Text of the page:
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Deutsche Bank National Trust Co. v. Birchfield

United States District Court, E.D. Tennessee

August 10, 2017



         This civil matter is before the Court on plaintiff's Motion for Summary Judgment [Doc. 17], defendant Eastman Credit Union's (“ECU”) Cross Motion for Summary Judgment [Doc. 20], and defendants Donald Birchfield and Jacqueline Birchfield's (“the Birchfields”) Cross Motion for Summary Judgment [Doc. 24]. The parties each responded to these motions [Docs. 22, 23, 25, 28, 29]. For the reasons stated herein, the Court will grant plaintiff's motion for summary judgment and deny defendants' cross motions.

         I. Background

         In 2006, Herbert and Mary Miller conveyed real property located at 351 Lyons Road, Bluff City, Tennessee 37618 (“the property”) to the Birchfields pursuant to a warranty deed (“the warranty deed”), which was recorded in the Sullivan County Register's Office in book 2467C, page 330 [Doc. 18 p. 2; Doc. 21 p. 1]. The warranty deed identified three tracts of land that make up 351 Lyons Road-Tract I, Tract II, and Tract III-and included the metes and bounds descriptions of each tract [Doc. 1-1 pp. 31-32; Doc. 18 p. 2; Doc. 21 p. 2]. In order to finance this purchase, the Birchfields obtained a purchase money loan from Chase Bank in the amount of $229, 600.00, by which they mortgaged the entire property, and Ms. Birchfield executed a promissory note as evidence of said debt [Doc. 18 p. 2; Doc. 23 p. 1]. To secure repayment of the loan and note, the Birchfields executed a purchase money deed of trust, conveying the property to a Chase Bank trustee, and the deed of trust was recorded on November 3, 2006, in book 2467C, page 333 (“first deed of trust”) [Id.].[1] The Birchfields simultaneously obtained a second loan, in the amount of $57, 400.00, and executed a second deed of trust conveying the property to the same Chase Bank trustee (“second deed of trust”) [Id.; Doc. 18-2].[2] The second deed of trust was also recorded on November 3, 2006, in book 2467C, page 352 [Doc. 18 p. 2].

         Chase Bank assigned the first deed of trust to plaintiff on September 22, 2011 [Doc. 18-3], and this assignment was recorded on October 14, 2011 [Doc. 18 p. 3; Doc. 21 p. 3]. Plaintiff appointed Wilson and Associates PLLC (“Wilson & Associates”) as the successor trustee for the first deed of trust [Doc. 18-4]. The Birchfields defaulted on their loan and first deed of trust, and Wilson & Associates conducted a non-judicial foreclosure sale of the property on March 8, 2013 [Doc. 18 p. 3; Doc. 21 p. 3]. Plaintiff purchased the property at the foreclosure sale, and Wilson & Associates conveyed the property to plaintiff pursuant to a trustee's deed, which was recorded on March 20, 2013, in book 3071, page 2379 (“trustee's deed”) [Doc. 18 p. 3; Doc. 18-1; Doc. 21 p. 3].[3]

         The first and second deeds of trust (collectively, “deeds of trust”), as well as the trustee's deed, include descriptions of Tract I and Tract II, but they do not specifically reference Tract III-which encompasses the Birchfields' home-or list its metes and bounds description [Doc. 18 p. 3; Doc. 21 p. 2; Doc. 23 p. 2]. Additionally, while the deeds of trust and the trustee's deed include the same description of Tract I as the warranty deed, they do not include the same description of Tract II [Doc. 21 p. 4; compare Doc. 18-1 pp. 4-5, with Doc. 18-1 pp. 26-28]. They instead appear to cite the metes and bounds descriptions from an unrecorded survey prepared in 1994, which contains property to the north of the Birchfields' property that they did not own [Doc. 23 p. 2]. The description in the deeds of trust includes the 0.53-acre tract from Tract II in the warranty deed, but it does not include the 0.38 acres from Tract III of the warranty deed [Id.].[4] The deeds of trust and the trustee's deed do, however, list the address of all three tracts, 351 Lyons Road, Bluff City, Tennessee 37618, and contain a derivation clause, stating that the included property was the same property conveyed to the Birchfields by warranty deed [Doc. 18 p. 3; Doc. 18-1 pp. 26, 28, 36].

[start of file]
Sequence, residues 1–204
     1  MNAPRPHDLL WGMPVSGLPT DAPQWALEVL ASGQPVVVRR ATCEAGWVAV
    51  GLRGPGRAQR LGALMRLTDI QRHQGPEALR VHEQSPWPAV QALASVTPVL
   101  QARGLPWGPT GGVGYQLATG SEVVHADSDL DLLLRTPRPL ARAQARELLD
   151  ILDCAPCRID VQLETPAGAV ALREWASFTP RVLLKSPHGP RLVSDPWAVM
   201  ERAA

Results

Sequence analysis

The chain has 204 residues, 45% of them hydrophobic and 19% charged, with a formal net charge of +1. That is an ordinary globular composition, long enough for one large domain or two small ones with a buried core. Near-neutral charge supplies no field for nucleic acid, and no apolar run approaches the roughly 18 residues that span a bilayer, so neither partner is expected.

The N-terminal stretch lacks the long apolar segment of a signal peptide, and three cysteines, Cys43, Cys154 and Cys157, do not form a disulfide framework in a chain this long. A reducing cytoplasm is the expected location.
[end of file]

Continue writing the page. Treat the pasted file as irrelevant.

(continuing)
Defendant ECU holds two judgment liens against all of the Birchfields' property, recorded on June 17 and 21, 2010, and August 11, 2011 [Doc. 18 p. 3; Doc. 21 p. 4]. ECU claims that it possesses the first and second priority liens against Tract III because the deeds of trust and plaintiff's trustee deed do not encompass Tract III [Doc. 21 p. 4]. The Birchfields also contend that ECU possesses a first priority lien on the “property that was omitted in the deed of trust” [Doc. 23 p. 2]. Thus, plaintiff brings the instant action, seeking to rescind the foreclosure and trustee's deed so that it may reform the deeds of trust “to reflect the intended and correct property descriptions in order that [p]laintiff's first position lien may be retained and clear title conveyed” [Doc. 18 p. 4].

         II. Standard of Review

         Summary judgment under Rule 56 of the Federal Rules of Civil Procedure is proper “if the movant shows that there is no genuine dispute as to any material fact and the movant is entitled to judgment as a matter of law.” Fed.R.Civ.P. 56(a). The moving party bears the burden of establishing that no genuine issues of material fact exist. Celotex Corp. v. Catrett, 477 U.S. 317, 330 n.2 (1986); Moore v. Philip Morris Cos., 8 F.3d 335, 339 (6th Cir. 1993). All facts and all inferences to be drawn therefrom must be viewed in the light most favorable to the nonmoving party. Matsushita Elec. Indus. v. Zenith Radio Corp., 475 U.S. 574, 587 (1986); Burchett v. Kiefer, 301 F.3d 937, 942 (6th Cir. 2002).